The Art Of Relating

With Christine Kniffen, LCSW, Therapist & Relationship Coach

The Art Of Compromise

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According to dictionary.com, compromise is defined as, “A settlement of differences by mutual concession”. I thought that perhaps, as someone who works daily to mediate the differences between individuals in couples counseling, I might have some points worth pondering when it comes to the greater good of the country. I advocate not for any position that I agree with, as we all think we are right from time to time, but instead want to focus on the art of compromise in general and why it is in such seemingly short supply these days.

You simply cannot have a healthy relationship without the element of compromise. You are different people and will have differing points of view. And yes, while we may all feel right from time to time regarding our particular position on a matter, this does not necessarily mean that we are in fact right. Therefore, when our positions are at odds with one another we have to come up with a reasonable compromise for each person to feel valued and respected in having found resolve to a particular issue. We must come to accept the idea that differences do not equate to right and wrong regarding most things.
They are merely differences. In order for a solid, working relationship to be had this fundamental concept must be both accepted and used as a starting point in which to work out problems. A relationship is an implied democracy of two. And, just as compromise is needed to get along in this realm, the same is essential for a working democracy of millions right here in this country.

The political arena has become quite contentious these days. The country seems to be fairly equally divided into one camp or the other, while a small percentage claims to be up for persuasion. Yet, it seems all too often in politics that compromise is something in short supply. If two cannot get along without compromise, how can we expect a whole country to be able to work together when it seems to be missing? This is not helped by the general trend of the television media. Most stations get two people to sit down when it comes to debating a contentious issue. This includes a person from the left of the spectrum and one from the right. This in turn presents the illusion that there are only two opinions one can have regarding a particular issue. And, since one opinion sounds so distasteful to half of the country, they then cling harder to their position, feeling that there is no gray in terms of solutions and thus no room for compromise in the equation.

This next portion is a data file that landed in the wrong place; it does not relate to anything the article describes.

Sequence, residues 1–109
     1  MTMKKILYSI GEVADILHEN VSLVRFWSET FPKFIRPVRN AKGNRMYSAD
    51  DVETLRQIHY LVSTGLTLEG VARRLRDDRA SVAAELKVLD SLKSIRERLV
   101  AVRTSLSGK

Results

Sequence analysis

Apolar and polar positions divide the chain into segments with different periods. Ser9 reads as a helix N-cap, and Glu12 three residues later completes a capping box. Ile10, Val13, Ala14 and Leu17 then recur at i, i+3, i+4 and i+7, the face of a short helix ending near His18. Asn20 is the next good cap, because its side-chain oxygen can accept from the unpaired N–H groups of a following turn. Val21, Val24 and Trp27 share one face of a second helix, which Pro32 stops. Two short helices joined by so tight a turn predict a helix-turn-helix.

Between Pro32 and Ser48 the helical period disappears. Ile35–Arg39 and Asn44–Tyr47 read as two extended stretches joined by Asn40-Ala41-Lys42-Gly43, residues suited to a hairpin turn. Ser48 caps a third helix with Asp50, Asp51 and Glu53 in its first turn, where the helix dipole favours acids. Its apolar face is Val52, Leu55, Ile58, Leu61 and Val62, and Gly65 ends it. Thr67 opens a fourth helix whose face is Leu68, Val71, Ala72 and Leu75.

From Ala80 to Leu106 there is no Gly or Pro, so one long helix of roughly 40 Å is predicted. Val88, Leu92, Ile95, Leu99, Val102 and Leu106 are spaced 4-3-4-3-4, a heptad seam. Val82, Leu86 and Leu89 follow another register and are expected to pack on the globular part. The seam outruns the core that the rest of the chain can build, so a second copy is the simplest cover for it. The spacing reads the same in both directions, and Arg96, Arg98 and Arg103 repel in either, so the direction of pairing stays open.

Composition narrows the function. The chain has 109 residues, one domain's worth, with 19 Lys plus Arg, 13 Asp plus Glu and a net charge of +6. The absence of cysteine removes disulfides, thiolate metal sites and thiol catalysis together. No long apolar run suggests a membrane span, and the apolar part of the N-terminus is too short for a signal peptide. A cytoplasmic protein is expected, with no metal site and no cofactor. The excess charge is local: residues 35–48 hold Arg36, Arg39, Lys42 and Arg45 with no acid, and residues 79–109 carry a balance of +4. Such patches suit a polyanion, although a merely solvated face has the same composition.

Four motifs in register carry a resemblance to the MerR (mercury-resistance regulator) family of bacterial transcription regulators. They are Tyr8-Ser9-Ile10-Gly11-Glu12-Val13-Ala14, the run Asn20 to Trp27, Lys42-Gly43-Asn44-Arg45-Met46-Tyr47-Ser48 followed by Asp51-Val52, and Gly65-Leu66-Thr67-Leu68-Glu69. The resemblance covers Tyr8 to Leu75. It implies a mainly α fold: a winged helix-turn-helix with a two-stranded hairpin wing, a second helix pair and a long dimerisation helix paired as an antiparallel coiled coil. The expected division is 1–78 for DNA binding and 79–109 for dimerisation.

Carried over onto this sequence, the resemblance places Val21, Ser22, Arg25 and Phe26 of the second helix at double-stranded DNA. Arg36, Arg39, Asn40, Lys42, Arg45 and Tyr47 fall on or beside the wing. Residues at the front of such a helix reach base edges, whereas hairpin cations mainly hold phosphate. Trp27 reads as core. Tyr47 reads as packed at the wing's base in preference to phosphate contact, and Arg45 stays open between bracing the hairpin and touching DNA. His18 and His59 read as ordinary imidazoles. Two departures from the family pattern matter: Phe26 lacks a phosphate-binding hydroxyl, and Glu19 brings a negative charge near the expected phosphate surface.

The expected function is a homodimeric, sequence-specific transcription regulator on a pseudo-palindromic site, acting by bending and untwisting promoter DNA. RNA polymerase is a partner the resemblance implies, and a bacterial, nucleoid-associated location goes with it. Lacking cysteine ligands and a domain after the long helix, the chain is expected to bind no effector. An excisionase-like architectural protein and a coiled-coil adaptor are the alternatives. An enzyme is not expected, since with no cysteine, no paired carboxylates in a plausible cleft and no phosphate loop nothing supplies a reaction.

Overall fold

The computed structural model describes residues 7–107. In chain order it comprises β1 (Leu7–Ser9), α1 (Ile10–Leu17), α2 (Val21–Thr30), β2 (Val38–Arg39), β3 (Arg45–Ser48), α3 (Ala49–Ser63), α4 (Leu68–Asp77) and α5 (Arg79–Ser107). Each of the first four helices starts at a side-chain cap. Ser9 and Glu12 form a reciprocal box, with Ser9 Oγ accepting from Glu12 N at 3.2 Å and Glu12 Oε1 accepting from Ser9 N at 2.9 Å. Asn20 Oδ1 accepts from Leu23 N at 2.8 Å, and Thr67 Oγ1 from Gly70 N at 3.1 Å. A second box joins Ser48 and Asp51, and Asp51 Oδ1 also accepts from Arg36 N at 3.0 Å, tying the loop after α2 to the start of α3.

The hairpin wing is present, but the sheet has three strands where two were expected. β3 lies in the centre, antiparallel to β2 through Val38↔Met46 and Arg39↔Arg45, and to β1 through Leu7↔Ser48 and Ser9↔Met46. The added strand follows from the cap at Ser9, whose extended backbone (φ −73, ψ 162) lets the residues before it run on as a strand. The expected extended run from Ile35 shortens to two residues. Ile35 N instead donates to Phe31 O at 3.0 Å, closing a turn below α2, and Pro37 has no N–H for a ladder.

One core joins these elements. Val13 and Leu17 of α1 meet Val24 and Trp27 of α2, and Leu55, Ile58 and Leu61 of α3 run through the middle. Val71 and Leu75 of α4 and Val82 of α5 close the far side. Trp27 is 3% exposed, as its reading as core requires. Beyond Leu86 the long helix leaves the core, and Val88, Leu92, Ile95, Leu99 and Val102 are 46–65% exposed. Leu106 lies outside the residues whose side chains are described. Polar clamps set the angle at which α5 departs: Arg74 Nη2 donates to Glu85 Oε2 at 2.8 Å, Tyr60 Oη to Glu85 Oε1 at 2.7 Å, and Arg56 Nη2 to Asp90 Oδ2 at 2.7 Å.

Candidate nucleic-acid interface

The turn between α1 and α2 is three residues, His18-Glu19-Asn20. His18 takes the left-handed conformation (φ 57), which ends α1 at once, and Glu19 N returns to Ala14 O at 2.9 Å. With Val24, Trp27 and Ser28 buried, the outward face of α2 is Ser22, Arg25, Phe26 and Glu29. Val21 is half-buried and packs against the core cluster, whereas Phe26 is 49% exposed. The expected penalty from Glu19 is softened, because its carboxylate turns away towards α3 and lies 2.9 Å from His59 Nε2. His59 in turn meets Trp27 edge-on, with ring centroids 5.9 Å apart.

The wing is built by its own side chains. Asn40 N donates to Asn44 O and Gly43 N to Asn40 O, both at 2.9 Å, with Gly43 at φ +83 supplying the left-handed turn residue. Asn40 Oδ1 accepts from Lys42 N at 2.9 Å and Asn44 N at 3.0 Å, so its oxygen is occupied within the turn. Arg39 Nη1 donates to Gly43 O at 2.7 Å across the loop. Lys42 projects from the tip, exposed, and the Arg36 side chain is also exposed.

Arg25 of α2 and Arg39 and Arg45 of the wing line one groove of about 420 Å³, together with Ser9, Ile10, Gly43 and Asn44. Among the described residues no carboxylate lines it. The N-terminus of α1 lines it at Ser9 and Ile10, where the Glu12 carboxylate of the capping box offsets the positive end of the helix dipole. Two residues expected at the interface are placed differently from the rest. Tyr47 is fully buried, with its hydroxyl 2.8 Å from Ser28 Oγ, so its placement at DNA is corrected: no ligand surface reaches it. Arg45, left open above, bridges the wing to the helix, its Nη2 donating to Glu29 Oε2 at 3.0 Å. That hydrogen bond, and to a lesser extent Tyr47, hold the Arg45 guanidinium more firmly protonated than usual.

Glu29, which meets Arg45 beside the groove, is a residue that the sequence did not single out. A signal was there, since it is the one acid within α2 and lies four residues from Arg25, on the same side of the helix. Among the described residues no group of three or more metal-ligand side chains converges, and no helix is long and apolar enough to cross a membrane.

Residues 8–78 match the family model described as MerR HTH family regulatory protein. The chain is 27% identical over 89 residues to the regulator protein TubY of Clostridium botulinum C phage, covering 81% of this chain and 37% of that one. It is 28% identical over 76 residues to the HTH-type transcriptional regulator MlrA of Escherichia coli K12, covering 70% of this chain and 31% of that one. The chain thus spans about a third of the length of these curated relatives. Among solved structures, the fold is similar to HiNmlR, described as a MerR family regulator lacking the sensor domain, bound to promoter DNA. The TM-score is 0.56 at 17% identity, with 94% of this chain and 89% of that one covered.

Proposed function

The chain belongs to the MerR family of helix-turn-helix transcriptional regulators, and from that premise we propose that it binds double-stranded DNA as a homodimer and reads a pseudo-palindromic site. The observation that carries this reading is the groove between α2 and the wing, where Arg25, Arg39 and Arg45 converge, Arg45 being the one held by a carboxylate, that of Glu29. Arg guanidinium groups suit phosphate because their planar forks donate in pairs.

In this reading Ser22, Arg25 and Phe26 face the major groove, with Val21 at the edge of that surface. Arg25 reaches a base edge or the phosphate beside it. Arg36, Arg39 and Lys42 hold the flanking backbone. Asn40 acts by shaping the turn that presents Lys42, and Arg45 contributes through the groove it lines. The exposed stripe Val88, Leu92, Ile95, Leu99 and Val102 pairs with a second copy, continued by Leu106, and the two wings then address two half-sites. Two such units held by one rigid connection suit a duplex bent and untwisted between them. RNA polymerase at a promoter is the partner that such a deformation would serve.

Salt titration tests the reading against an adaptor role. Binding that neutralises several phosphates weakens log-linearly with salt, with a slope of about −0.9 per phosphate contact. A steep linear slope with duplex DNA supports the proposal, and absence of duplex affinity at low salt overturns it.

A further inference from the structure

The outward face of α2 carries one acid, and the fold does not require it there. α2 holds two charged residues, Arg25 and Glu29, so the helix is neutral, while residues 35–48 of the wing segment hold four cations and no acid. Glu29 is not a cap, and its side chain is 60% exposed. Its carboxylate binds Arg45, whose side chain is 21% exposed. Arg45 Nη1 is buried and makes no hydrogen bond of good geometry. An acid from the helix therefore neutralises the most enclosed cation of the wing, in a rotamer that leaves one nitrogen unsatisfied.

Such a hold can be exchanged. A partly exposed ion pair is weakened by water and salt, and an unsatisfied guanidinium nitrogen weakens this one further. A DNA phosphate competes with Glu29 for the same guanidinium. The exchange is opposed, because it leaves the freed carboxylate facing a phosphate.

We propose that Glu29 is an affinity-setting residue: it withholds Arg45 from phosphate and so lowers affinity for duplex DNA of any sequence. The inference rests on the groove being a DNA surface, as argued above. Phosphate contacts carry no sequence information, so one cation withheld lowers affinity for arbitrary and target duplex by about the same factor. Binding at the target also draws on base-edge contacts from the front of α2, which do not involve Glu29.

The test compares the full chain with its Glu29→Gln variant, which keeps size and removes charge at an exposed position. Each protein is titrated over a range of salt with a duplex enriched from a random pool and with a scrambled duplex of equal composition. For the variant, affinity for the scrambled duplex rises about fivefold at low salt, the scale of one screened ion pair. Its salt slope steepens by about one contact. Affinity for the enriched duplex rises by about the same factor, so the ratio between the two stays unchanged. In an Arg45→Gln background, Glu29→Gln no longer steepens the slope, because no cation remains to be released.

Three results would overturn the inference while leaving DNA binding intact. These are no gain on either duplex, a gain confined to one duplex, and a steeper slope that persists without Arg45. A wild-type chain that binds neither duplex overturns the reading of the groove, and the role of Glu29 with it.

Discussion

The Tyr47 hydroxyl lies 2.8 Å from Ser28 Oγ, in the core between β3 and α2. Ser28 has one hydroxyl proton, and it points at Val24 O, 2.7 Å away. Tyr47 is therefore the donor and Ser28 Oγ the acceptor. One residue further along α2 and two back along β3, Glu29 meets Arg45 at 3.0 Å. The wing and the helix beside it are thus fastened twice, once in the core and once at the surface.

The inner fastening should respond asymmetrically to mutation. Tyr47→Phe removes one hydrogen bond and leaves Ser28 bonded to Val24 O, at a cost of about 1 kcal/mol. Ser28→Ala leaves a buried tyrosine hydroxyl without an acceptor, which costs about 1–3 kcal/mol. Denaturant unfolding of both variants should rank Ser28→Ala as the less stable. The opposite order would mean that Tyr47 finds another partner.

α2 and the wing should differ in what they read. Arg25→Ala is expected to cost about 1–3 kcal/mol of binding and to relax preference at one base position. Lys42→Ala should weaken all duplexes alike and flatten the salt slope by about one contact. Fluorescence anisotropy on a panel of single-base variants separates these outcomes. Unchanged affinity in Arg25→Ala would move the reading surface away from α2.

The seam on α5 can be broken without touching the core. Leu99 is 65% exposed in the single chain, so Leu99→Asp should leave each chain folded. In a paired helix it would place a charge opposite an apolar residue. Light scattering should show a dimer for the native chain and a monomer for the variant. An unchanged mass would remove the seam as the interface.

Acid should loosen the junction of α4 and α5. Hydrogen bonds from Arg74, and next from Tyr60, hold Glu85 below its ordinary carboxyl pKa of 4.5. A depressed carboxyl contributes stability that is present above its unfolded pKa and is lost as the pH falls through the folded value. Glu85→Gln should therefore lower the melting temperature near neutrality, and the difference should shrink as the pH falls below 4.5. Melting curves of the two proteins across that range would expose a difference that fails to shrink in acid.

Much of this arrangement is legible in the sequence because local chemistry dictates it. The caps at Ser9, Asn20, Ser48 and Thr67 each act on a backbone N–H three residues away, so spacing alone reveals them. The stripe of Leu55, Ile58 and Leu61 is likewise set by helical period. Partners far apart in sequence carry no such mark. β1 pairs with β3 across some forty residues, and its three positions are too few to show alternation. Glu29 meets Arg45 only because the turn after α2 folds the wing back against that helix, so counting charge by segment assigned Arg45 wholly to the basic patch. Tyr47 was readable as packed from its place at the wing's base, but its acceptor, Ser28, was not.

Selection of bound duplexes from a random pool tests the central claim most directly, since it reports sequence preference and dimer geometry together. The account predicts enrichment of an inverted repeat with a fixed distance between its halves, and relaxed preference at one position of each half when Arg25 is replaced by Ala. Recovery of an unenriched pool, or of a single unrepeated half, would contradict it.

For example, we can decry regulation as being a block to growth or we can have the viewpoint that unfettered regulation combined with the new levels of human greed is a recipe for disaster. As usual I see some truth in both of those statements. As a therapist I know that the extremes of all or nothing thinking results in something that is terribly out-of-balance. One political party wants to regulate just about everything and another wants to regulate nothing. I see potential problems with both of these scenarios. We take away too much regulation and the financial collapse occurs. Or, we regulate everything until the bureaucratic red tape binds us up, making it impossible for people to get into the game. This is the basic problem with government today. We wildly shift back and forth from one administration to the other, never really solving the problems by finding the balance required to smoothly run a democracy.

Here’s a novel idea for those in charge. Let’s stop riling up the people with this see-saw nonsense and start to work together to make compromise and finally move forward on the country’s biggest issues at hand. In compromise everyone is a winner because each side gets some of what it wanted, versus half the people getting none of what they want. Surely I cannot be the only person who lives somewhere in the middle, seeking a balance to restore trust and decency in working with our fellow man.

Christine Kniffen, LCSW is a Relationship Coach and Therapist. For a free consultation call 314-374-8396.

Meet Christine at the Healthy Planet Expo, Oct. 14 and get a signed copy of her new book, The Art of Relating, A Primer For Love.